PERTH, Australia – Although Australia’s deadly bushfires continue to burn, and conditions are expected to worsen later this week as temperatures rise, Australia’s Therapeutic Goods Administration (TGA) is not anticipating any effect on business operations.
Saluda Medical Pty. Ltd., of Artarmon, Australia, made waves in 2019, winning the CE mark for its Evoke closed-loop spinal cord stimulation (SCS) system. The good news kept coming following the publication of results from a pivotal study in The Lancet Neurology.
Following lengthy consultations with industry, Australia’s Therapeutic Goods Administration (TGA) has released its new regulatory framework for in vitro companion diagnostics (IVD CDx) that becomes effective in February.
PERTH, Australia – Industry was supportive of most of the changes proposed by Australia’s Therapeutic Goods Administration (TGA) for custom-made and 3D-printed devices. However, the comments also indicated that the current regulatory requirements for custom-made devices are not well understood. The agency stressed that increasing use of 3D printing for medical applications is raising questions about the adequacy of the current medical device regulatory framework to mitigate risks to patients.
The U.S. FDA has cleared Cochlear Ltd.’s newest cochlear implant, the Osia 2 system, an active implantable bone conduction hearing system. Unlike Cochlear’s traditional implant, the Osia implant bypasses damaged parts of the ear and sends sound vibrations directly to the cochlea.
MELBOURNE, Australia – Researchers at the Murdoch Children’s Research Institute in Melbourne are pushing the boundaries on creating kidney tissue from stem cells. For more than two decades, Melissa Little and her team at Murdoch have investigated the molecular and cell development basis of kidney disease and the potential for regeneration. The team has developed approaches for directing the differentiation of human pluripotent stem cells to human kidney organoids and is applying that knowledge to disease modeling, drug screening, cell therapy and tissue engineering.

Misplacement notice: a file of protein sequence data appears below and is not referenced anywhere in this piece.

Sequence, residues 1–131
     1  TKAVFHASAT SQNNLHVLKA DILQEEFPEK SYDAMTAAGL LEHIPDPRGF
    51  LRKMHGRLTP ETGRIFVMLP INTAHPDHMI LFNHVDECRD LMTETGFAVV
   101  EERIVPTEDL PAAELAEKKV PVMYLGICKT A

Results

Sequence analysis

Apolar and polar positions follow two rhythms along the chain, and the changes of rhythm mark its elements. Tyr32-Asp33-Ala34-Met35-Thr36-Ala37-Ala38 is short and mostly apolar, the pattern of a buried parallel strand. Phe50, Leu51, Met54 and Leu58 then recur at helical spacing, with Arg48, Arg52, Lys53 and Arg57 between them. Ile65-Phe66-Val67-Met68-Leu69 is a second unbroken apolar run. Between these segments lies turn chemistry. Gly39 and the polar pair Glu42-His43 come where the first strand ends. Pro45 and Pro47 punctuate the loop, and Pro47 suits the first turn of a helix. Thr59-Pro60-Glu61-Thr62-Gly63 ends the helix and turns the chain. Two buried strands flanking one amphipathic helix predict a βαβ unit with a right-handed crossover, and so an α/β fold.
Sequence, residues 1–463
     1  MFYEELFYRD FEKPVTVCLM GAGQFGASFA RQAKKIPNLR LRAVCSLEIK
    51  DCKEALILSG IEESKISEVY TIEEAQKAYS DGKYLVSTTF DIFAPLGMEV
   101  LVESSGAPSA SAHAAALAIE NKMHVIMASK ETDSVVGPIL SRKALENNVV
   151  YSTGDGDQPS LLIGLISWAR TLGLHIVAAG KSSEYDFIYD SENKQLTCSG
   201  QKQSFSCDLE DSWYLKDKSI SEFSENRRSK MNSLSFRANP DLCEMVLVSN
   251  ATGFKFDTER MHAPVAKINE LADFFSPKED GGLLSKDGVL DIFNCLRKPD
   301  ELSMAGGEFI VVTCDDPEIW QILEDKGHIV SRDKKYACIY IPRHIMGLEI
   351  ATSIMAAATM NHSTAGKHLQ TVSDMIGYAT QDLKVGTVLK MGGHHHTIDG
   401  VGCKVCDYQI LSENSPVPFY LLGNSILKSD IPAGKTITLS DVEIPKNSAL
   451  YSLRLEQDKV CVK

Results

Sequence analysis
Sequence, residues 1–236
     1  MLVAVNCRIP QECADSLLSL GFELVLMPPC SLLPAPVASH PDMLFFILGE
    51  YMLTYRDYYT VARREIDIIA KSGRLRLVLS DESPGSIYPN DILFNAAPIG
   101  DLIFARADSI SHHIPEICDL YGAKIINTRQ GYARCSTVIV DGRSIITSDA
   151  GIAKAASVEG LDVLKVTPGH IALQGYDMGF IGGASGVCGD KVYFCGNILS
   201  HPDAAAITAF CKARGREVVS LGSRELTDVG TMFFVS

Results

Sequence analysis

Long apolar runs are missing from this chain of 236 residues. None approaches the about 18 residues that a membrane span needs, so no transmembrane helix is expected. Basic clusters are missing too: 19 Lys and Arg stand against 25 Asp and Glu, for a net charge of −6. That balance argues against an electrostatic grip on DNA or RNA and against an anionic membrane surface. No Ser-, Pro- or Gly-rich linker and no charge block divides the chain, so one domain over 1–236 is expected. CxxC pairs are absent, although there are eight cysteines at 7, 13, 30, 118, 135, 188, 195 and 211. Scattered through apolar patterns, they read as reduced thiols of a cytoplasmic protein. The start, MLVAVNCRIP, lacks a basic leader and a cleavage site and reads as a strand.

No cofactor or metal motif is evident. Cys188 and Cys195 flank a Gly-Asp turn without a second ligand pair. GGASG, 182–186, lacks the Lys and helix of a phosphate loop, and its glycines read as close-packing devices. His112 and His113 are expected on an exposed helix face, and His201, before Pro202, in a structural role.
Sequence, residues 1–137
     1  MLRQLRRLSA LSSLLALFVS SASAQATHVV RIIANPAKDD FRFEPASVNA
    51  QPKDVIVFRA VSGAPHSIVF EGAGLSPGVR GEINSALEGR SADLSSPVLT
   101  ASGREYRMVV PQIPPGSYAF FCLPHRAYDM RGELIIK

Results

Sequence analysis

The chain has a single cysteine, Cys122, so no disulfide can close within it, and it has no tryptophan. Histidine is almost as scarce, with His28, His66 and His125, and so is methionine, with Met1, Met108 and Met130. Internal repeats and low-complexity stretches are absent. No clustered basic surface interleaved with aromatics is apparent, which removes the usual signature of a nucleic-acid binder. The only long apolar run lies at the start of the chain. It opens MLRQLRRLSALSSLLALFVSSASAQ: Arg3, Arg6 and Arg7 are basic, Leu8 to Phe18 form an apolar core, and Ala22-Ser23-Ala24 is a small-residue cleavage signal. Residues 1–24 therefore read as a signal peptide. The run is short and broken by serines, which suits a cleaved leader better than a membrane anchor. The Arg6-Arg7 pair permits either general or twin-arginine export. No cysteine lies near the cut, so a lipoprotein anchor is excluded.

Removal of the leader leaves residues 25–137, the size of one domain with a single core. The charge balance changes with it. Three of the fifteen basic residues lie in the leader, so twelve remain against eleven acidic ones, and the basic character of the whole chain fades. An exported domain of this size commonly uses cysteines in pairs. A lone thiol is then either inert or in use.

Australia's Therapeutic Goods Administration (TGA) proposed classifying active implantable medical devices (AIMDs), their accessories and active devices for controlling, monitoring or influencing the performance of an active device and software as high-risk class III devices. However, the agency has rethought the notion of up-classifying all implant device accessories after blowback from industry.
Australia's Therapeutic Goods Administration (TGA) recently posted a draft guidance for regulation of software as a medical device, but the Medical Technology Association of Australia expressed a preference for an international standard for risk classification.
Device makers were generally supportive of the Australian Therapeutic Goods Administration (TGA) proposal to up-classify active medical devices with an integrated diagnostic function that significantly determines patient management by the device (such as closed loop systems or automated external defibrillators) to class III, the highest risk designation used by TGA.